by Mary Howard
May 31, 2018 was a special night on #G2Great when Ellin Keene joined our chat as a first-time guest host. Like many educators across the globe, I have admired Ellin’s work since 1997 when she collaborated with Susan Zimmerman in Mosaic of Thought: Teaching Comprehension in a Reader’s Workshop (Heinemann). This week, we gathered together in a Twitter celebration of Ellin’s new professional masterpiece, Engaging Children: Igniting a Drive for Deeper Learning K-8 (Heinemann, 2018). To say that a buzz of excitement has revolved around the publication of this remarkable book and our much advertised #G2Great chat would be an understatement.
The term engagement is certainly not a new one, but Ellin has given us a unique perspective of what this term actually means in a way that no one has ever done before. As an entry point to discuss the critical role that engagement plays in the learning process, she explains that time on task has become an ‘overvalued commodity term bleached of meaning.’ And it is certainly devoid of the spirit of engagement Ellin bring to life in one of the most eloquent descriptions of engagement I have ever read:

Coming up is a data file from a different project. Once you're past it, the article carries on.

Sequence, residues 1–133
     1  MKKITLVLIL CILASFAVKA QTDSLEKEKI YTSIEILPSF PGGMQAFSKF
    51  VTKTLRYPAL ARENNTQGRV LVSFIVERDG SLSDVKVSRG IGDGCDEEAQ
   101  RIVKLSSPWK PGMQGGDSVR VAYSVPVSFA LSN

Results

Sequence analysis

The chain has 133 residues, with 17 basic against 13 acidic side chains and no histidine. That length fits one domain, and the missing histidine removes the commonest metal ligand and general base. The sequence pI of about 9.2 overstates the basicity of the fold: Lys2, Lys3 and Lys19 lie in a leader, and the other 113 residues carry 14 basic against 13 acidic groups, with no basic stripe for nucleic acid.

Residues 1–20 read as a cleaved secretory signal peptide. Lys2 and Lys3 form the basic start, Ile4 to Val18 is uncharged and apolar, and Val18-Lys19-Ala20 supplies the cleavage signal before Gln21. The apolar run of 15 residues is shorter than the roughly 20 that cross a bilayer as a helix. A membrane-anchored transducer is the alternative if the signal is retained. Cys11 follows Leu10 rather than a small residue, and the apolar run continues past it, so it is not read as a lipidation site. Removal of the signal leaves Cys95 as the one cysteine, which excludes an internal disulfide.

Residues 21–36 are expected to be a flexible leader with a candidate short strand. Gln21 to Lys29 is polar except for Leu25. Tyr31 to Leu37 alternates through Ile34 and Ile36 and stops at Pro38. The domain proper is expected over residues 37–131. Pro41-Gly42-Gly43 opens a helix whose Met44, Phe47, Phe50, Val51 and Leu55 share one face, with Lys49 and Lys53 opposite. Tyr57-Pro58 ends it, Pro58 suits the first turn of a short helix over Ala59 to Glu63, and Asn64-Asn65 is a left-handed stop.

This blissful wide-awakeness brings to mind wonderful images of children engaged in the joyful throes of learning, enraptured in a state of being where they become so captivated by a book or learning experience that they can willingly linger in emotion charged moments within quiet solitude or lively conversations in the company of others.
Ellin suggests that our best intentions to motivate children may have fallen flat. In pondering that possibility, we can all draw upon our own memory of a time when we watched children passively go through the motions of surface level learning fueled by little more than compliant obedience. Contrast this view with children immersed in the deep engagement Ellin describes and it would be hard to argue that our best intentions have indeed gone awry for too many children.
The question then becomes how we can create the conditions that would nurture the cognitive and emotional engagement Ellin captured so beautifully in Engaging Children. This kind of engagement is only possible when we acknowledge that students truly do desire this intense state of being and that we are confident that they are quite capable of achieving engagement under the right conditions.